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Aggregate earnings and why they matter

aUniversity of Chicago, Booth School of Business, United States
bUniversity of Texas at Dallas, United States

Journal of Accounting Literature

ISSN: 0737-4607

Article publication date: 2 February 2015

Issue publication date: 28 February 2015



The accounting literature has traditionally focused on firm-level studies to examine the capital market implications of earnings and other accounting variables. We first develop the arguments for studying capital market implications at the aggregate level as well. A central issue is that diversification makes equity investors at least partially and potentially almost completely immune to several firm-level properties of earnings by holding diversified portfolios. Diversification is particularly important when assessing the welfare consequences of random errors in accounting measurement (imperfect accruals) and, to the extent it is independent across firms, of deliberate manipulation (earnings management). Consequently, some firm-level metrics of association, timeliness, value relevance, conservatism and other earnings properties do not map easily into investor welfare. Similarly, earnings-related risk manifests itself to equity investors largely through systematic earnings risk (covariation with aggregate earnings and/or other macroeconomic indicators). We conclude that the design and evaluation of financial reporting must adopt at least in part an aggregate perspective. We then summarize the literature in accounting, economics and finance on aggregate earnings and stock prices. Our review highlights the importance of studying earnings at the aggregate level.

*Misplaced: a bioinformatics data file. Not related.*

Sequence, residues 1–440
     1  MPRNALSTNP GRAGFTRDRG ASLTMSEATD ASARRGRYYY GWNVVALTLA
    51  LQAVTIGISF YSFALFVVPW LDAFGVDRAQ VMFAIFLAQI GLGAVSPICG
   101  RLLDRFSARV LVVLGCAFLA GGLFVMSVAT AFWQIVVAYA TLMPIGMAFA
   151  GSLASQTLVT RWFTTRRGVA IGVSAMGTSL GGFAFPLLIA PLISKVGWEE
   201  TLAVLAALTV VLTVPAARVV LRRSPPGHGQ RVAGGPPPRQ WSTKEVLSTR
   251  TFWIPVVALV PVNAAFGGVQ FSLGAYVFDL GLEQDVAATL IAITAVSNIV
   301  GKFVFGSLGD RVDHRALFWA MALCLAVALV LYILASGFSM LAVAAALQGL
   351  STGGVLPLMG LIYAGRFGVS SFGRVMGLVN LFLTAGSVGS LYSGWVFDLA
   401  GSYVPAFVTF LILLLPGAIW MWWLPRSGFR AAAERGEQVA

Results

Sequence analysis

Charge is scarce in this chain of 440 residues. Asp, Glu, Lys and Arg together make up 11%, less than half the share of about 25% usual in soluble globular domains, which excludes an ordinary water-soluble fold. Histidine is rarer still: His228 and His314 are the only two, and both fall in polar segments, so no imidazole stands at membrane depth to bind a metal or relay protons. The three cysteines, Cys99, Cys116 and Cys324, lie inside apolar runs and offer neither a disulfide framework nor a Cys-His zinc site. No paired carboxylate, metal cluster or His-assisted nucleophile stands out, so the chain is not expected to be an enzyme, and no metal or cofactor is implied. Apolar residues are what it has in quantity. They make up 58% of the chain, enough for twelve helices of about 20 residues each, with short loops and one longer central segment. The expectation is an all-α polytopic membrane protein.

Ball, R. and Sadka, G. (2015), "Aggregate earnings and why they matter", Journal of Accounting Literature, Vol. 34 No. 1, pp. 39-57.



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Copyright © 2015, Emerald Publishing Limited

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